The initial payments to Prairie farmers for their 2008-09 wheat, durum and malting barley through the Canadian Wheat Board (CWB) have been raised.
The CWB announced Monday it had picked up approval from the federal government, which guarantees CWB initial payments, for an upward adjustment.
The increase in initials for all classes and grades of milling wheat adds $30 per tonne, for example, to the original initial payment of $213 per tonne for No. 1 Canada Western Red Spring wheat. The original initial payment took effect for Aug. 1, 2008.
An increase in the initials for all grades of durum wheat adds $25.80 per tonne, for example, to the initial for No. 1 CW Amber Durum, which was originally set at $250 per tonne.
Initials for designated barley have also risen by $39 per tonne, putting the new initial for Select CW two-row designated barley at $293 per tonne and for Select CW six-row at $273 per tonne.
Farmers who delivered wheat, durum and/or designated barley to the CWB between Aug. 1, 2008 and Wednesday (Feb. 18) will get an adjustment payment, to be mailed by March 6 or direct-deposited March 3.
Farmers who wish to defer the adjustment payments have until Feb. 25 to notify the CWB.
Initial payments represent a portion of the returns farmers can expect from the sale of their grain over the entire year, and aren’t to be confused with the CWB’s monthly pool return outlooks (PROs), which are CWB estimates of farmers’ total returns from each pool account. The next 2008-09 PRO is scheduled for Feb. 26.
The CWB regularly reviews its initial payments and recommends adjustment payments if market conditions and sales progress warrant. The federal government then approves the level at which the initials are set.
The 2008-09 PROs for designated barley have come under fire in recent weeks after the CWB announced in late January that it would cordon off its 2008-09 malting barley pool from most further business, so as to help protect relatively high current pooled values for designated barley, given recent international market price declines
Instead, the CWB said, it would source most of its bulk malting barley for the remainder of 2008-09 using CashPlus, a board program that offers farmers an upfront cash price.
Federal Agriculture Minister Gerry Ritz was reported to have recently suggested during an appearance before the House of Commons’ standing committee on agriculture that the CWB’s decision was not within its mandate.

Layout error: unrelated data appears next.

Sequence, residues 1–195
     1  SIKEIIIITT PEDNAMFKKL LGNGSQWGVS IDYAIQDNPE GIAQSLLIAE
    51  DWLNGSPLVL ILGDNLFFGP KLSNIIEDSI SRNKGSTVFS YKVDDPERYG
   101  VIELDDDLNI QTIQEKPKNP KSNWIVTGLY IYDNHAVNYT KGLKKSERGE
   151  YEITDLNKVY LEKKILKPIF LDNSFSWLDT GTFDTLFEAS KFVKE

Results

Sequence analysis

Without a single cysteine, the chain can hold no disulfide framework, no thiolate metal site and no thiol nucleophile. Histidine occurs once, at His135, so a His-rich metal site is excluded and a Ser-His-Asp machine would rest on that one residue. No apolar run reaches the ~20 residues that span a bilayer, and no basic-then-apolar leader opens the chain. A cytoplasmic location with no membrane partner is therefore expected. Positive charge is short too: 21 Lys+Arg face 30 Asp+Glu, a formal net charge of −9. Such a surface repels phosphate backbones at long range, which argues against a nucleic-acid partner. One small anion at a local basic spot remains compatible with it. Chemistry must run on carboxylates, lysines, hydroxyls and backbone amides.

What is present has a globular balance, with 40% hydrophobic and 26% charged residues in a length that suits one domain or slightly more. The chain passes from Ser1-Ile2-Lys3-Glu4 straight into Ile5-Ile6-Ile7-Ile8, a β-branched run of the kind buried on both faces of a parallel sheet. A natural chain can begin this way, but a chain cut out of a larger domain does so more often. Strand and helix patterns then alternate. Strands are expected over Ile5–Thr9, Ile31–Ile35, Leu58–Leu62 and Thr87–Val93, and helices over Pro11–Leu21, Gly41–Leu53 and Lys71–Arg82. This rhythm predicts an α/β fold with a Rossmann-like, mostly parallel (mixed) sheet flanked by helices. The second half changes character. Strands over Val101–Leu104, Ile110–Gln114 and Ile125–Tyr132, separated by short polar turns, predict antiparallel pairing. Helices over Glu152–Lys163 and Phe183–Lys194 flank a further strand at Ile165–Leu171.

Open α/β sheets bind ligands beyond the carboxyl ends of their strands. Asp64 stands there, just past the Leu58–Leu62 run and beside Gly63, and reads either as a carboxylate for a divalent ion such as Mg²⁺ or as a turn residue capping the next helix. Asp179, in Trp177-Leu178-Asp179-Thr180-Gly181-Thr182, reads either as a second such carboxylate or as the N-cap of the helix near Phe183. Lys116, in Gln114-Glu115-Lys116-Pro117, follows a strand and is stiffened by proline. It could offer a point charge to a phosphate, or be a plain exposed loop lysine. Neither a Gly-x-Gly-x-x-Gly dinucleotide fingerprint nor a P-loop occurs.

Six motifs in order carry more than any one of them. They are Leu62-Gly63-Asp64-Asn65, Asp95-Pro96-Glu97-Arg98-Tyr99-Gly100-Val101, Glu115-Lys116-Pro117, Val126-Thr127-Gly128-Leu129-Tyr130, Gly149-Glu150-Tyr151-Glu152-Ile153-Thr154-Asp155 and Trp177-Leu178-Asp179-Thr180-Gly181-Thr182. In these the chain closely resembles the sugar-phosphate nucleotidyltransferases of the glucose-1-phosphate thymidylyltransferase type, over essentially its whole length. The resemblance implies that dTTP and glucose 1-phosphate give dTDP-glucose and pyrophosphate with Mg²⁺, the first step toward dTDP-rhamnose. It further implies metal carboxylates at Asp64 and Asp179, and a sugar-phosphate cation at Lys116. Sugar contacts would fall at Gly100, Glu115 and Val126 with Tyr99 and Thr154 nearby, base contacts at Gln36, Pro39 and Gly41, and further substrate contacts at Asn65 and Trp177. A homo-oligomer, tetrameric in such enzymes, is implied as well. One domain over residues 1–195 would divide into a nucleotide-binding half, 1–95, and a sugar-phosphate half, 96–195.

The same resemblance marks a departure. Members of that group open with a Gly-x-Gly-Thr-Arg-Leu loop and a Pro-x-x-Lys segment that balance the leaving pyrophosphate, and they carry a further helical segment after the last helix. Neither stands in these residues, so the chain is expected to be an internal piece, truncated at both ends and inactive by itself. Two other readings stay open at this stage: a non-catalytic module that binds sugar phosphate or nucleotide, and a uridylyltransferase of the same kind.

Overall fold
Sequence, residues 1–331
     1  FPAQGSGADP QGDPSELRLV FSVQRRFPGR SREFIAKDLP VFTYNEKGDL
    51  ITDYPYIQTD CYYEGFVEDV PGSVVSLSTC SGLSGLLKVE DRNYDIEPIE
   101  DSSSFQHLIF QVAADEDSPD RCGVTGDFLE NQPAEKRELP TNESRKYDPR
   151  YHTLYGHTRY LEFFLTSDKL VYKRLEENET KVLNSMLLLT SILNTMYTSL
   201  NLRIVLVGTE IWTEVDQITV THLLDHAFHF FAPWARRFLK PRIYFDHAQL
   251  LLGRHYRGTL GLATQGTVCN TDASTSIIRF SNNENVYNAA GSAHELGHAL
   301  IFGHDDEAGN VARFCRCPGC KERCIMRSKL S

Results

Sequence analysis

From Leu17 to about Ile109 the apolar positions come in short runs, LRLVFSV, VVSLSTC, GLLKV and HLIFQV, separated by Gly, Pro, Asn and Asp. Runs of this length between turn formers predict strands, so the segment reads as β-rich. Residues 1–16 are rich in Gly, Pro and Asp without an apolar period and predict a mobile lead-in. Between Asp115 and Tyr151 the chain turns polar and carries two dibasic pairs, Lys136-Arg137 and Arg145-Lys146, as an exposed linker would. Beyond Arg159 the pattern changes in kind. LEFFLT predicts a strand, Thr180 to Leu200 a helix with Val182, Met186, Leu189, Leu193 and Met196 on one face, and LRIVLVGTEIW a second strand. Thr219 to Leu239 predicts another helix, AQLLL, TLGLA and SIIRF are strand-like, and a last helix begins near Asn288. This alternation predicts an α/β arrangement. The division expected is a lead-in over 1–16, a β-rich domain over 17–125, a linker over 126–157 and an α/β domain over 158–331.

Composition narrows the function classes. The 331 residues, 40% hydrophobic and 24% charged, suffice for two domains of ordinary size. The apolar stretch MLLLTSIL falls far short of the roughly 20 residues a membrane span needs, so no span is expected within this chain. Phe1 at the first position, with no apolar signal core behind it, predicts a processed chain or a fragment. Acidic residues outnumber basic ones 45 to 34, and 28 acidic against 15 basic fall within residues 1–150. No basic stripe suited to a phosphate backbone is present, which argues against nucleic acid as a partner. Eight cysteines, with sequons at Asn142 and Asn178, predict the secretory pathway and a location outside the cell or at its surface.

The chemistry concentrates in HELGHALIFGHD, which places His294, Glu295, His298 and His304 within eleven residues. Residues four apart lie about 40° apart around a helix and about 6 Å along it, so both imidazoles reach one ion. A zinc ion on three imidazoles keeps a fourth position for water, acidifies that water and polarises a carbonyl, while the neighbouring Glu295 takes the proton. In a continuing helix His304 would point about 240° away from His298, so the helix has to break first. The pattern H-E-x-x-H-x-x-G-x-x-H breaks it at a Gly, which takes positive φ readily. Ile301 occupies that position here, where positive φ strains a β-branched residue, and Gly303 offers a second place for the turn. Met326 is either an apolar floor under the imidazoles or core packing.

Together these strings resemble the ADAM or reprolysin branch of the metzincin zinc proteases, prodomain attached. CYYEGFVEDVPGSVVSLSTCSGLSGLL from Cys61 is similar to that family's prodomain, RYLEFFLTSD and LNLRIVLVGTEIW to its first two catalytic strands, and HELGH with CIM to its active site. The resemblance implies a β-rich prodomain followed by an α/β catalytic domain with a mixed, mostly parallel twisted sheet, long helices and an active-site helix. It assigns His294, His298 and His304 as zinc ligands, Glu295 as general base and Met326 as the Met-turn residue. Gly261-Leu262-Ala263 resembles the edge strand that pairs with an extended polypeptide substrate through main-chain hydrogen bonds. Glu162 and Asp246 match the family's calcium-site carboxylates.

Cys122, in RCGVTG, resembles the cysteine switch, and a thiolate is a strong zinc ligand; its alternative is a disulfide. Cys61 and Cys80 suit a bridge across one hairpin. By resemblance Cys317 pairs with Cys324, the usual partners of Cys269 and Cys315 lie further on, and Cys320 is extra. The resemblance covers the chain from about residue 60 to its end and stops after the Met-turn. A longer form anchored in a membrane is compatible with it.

But CWB chairman Larry Hill said in a separate bulletin Monday that the decision indeed falls within the CWB’s purview and “protects existing PRO values while providing farmers with clear price signals.”
As well, the Western Barley Growers Association said in a release Monday that it “does not dispute that closing off the (malting barley pool account) was a good business decision by the CWB,” according to new WBGA president Brian Otto.
Following up on the WBGA’s previous comments that its members had been “blindsided” by the decision to block off the pool, Otto said malting barley prices have indeed “declined significantly since harvest and we agree this closure should improve the net returns to those barley producers who are participated in the early malt pool.”
But the pro-deregulation WBGA, which wrapped up its annual convention Friday in Calgary, now questions why the CWB didn’t then create a “Pool B” for malting barley, “for those who would still like to participate in pooling, instead of leaving producers with the only other alternative, Cash Plus,” Otto said.
“Closing the pool early without any warning and not offering another pool as they would normally do seems very arbitrary,” said Otto, who farms at Warner, Alta., southeast of Lethbridge.
The CWB also announced Monday it will release its first PRO for the 2009-10 crop year on Feb. 23 during the GrainWorld conference in Winnipeg, as part of the conference’s wheat market outlook session. Sign-up for 2009-10 fixed price contracts (FPCs) begins Feb. 23 at 3 p.m. CT, after the new PRO is released, the CWB said.